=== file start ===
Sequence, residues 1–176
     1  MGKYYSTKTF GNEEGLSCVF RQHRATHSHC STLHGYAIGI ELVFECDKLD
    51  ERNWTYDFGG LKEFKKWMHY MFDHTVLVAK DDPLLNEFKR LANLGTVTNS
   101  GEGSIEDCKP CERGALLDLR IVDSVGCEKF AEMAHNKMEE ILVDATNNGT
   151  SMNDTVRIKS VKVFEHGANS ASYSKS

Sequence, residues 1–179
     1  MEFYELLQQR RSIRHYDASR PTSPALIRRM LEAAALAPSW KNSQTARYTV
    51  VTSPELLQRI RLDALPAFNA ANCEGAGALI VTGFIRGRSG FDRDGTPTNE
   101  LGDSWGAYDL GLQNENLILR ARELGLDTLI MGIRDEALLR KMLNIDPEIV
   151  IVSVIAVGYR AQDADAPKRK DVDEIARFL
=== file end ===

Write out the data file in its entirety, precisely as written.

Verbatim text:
Sequence, residues 1–176
     1  MGKYYSTKTF GNEEGLSCVF RQHRATHSHC STLHGYAIGI ELVFECDKLD
    51  ERNWTYDFGG LKEFKKWMHY MFDHTVLVAK DDPLLNEFKR LANLGTVTNS
   101  GEGSIEDCKP CERGALLDLR IVDSVGCEKF AEMAHNKMEE ILVDATNNGT
   151  SMNDTVRIKS VKVFEHGANS ASYSKS

Sequence, residues 1–179
     1  MEFYELLQQR RSIRHYDASR PTSPALIRRM LEAAALAPSW KNSQTARYTV
    51  VTSPELLQRI RLDALPAFNA ANCEGAGALI VTGFIRGRSG FDRDGTPTNE
   101  LGDSWGAYDL GLQNENLILR ARELGLDTLI MGIRDEALLR KMLNIDPEIV
   151  IVSVIAVGYR AQDADAPKRK DVDEIARFL